Big companies are thought to rarely be the real innovators in an industry. Usually, radical change – whether a new technology or an entirely new business model – comes from outside the industry, and is introduced by an entrant into the field. On average that is true – research confirms it – and there are various reasons for that. It pertains to a phenomenon I called “collective inertia”; established players often seem paralysed when significant, paradigm-busting change is sweeping through their business.
Why big firms are often slow to adapt
That is because those existing players usually do not see an interest in destroying their own business and competitive advantage; newspapers were reluctant to move into on-line media because it cannabilised their existing business, traditional airlines were reluctant to embrace the low-cost model, and steel companies shunned away from minimill technology. These new technologies and business models ate into their current business and therefore they were not keen, to say the least.
There is often also a softer, almost psychological component to it. It pertains to phenomena such as the success trap, escalation of commitment, and the Icarus paradox in business. Years of continued success have wedded the firm to its own proven formula and business model, and the new, initially often inferior technology is not something they believe in and particularly want to get involved with.
Hence, we see that existing players in an industry usually are not the inventors of radical new innovations and often even late adopters – often too late… Quite a few of them do not survive the transformational turbulence in their business as a result of their own inertia.
However, Professors Lin Jiang and Marie Thursby from Georgia Tech and Justin Tan from York University discovered that there are some exceptions to this rule, and some incumbents do manage to be inventors during the stage of technological dirsruption. And that is pretty interesting, because those firms teach us what existing players can do to prevent missing the boat, and becoming obsolete when their environments change – a problem that clearly bugs many of them.
Big firm innovators
Lin, Justin, and Marie examined the semi-conductor industry, where the initial reliance on vacuum tubes was replaced by bipolar technology, which in turn was replaced by complementary metal-oxide semiconductors (CMOS). At present, that technology is under threat from nanotechnology. Using extensive patent analysis, Lin and colleagues examined which existing players did not succumb to the new entrants, and were able to contribute to the new technology. And they found three key, related characteristics:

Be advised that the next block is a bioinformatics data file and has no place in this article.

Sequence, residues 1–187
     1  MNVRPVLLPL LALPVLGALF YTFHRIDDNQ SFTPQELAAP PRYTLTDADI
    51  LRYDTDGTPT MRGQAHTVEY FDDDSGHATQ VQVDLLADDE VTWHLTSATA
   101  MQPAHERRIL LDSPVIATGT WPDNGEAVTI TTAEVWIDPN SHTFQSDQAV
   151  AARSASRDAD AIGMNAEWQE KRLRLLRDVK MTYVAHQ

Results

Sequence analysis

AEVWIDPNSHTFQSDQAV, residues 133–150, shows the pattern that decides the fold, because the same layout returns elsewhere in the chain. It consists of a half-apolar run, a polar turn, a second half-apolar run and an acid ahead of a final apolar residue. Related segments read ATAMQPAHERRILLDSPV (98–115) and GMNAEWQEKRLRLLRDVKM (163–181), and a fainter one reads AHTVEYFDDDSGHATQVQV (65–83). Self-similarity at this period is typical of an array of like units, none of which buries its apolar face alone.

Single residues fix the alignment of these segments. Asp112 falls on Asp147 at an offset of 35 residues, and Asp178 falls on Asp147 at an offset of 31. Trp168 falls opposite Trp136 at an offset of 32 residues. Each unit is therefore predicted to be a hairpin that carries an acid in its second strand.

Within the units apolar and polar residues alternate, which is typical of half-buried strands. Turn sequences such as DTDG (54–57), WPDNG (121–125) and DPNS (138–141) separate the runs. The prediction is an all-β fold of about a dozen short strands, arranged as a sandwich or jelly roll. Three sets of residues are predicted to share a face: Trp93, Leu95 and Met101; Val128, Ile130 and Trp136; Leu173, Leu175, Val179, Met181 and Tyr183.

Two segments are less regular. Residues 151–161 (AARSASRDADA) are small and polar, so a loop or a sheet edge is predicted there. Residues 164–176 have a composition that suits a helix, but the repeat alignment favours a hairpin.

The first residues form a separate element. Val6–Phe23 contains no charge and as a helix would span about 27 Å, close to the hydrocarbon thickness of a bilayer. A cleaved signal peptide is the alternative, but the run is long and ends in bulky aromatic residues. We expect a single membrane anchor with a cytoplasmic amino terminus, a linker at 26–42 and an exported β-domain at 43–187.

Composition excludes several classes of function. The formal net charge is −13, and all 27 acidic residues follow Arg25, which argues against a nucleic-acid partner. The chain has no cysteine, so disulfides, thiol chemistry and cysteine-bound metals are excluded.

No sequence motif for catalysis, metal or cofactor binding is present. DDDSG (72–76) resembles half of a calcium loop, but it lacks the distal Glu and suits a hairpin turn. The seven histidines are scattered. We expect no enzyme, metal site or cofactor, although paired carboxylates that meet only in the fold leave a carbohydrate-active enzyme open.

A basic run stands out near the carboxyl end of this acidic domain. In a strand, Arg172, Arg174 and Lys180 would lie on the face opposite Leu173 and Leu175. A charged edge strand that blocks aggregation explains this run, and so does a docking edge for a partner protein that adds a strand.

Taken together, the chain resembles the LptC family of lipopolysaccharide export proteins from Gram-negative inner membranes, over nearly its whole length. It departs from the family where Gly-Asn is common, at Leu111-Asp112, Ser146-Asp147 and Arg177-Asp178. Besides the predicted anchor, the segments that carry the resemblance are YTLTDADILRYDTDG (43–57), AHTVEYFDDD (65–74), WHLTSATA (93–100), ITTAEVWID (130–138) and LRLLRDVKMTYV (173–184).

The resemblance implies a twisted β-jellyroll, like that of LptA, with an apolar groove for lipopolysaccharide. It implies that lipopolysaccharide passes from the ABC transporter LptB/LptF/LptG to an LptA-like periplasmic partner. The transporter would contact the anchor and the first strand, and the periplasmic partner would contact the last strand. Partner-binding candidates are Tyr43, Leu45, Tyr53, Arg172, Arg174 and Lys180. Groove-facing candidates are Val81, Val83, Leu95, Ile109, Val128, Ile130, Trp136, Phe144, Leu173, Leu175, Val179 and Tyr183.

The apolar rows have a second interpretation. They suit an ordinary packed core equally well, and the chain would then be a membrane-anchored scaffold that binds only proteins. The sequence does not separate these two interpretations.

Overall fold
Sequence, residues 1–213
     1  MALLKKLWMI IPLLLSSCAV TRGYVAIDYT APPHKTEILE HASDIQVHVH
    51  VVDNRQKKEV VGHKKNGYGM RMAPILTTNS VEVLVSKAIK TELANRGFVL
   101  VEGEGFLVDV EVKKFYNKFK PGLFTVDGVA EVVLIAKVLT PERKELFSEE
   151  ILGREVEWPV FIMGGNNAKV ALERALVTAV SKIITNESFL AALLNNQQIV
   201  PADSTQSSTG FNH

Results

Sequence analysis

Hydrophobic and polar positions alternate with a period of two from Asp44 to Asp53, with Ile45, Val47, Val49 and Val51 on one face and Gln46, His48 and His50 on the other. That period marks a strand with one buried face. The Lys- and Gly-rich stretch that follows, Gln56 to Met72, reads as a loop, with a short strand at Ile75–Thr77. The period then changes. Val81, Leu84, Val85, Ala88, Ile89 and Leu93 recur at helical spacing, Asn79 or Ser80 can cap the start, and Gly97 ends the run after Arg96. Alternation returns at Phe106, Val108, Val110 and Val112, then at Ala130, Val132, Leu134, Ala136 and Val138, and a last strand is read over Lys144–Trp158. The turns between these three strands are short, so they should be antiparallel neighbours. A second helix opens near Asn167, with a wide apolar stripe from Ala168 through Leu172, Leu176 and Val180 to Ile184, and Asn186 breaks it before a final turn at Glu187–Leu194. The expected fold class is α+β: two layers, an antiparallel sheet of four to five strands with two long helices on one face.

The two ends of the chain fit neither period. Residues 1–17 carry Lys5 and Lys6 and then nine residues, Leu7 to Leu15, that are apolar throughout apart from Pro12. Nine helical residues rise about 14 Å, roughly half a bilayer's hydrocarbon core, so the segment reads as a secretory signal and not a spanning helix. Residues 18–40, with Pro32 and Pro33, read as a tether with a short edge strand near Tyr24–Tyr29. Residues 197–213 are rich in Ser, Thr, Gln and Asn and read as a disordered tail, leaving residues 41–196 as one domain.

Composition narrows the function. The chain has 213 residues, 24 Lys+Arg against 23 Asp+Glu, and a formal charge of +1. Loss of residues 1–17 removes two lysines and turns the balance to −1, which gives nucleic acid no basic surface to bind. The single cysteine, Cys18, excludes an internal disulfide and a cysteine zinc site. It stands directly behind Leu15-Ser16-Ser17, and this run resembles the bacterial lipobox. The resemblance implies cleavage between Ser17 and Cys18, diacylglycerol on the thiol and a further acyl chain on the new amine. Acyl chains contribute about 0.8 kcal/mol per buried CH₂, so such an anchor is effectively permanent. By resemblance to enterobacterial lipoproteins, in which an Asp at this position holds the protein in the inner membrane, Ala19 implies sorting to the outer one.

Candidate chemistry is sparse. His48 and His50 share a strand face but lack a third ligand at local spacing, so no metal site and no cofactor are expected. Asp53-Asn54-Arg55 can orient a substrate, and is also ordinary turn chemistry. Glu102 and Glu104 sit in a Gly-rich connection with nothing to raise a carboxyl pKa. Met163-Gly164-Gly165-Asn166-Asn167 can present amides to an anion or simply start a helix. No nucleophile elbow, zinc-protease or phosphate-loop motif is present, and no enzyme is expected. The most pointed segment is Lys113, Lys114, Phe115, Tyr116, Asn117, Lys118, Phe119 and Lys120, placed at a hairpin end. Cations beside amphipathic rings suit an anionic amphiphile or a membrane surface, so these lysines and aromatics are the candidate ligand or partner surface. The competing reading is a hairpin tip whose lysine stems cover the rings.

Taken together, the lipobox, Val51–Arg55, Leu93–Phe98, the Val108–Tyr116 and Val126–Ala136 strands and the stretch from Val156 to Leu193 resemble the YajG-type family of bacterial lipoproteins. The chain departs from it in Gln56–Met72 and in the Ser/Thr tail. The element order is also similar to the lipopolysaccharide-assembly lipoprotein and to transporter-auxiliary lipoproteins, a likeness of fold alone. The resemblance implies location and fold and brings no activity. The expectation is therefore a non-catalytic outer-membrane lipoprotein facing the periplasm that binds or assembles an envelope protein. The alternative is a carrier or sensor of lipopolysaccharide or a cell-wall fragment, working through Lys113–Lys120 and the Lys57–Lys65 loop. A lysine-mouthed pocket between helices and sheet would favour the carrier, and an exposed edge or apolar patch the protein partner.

First, the firms that were able to contribute significantly to fresh knowledge in the new and emerging domain had forced themselves to continue to scan for new technological areas. They had not just rested on their laurels, trying to make the most out of an existing technology. In spite of the technology not being under threat yet, their R&D engineers had continued to scan the environment for new, substitute technologies. And now this paid off.
Second, the firms that did manage to be inventors in the newly emerging domain had maintained a broad portfolio of alliances – specifically a portfolio of alliances that consisted of both firms that were pretty close to its current set of activities and firms that were in entirely different domains. Such a combination of alliance partners is thought to assure that the firm is exposed to really radically different things, but at the same time also to things that are more within its own familiar domain of comprehension!
Finally, the successful inventors had always maintained clear ties to sources of scientific knowledge in the public domain, by collaborating with university scientists, reading scientific publications, and so on.
Innovations usually consist of some form of recombination of other, existing sources of knowledge. The aforementioned results show that if existing, successful players in an industry force themselves to continue to access a variety of external knowledge sources – in the form of experimenting with new technologies, maintaining alliances, and accessing university sources – they can not only survive a radical change in their business but even contribute to it. Hence, do keep an active, open mind and door, and let knowledge flow in, even if you think you are currently doing just fine.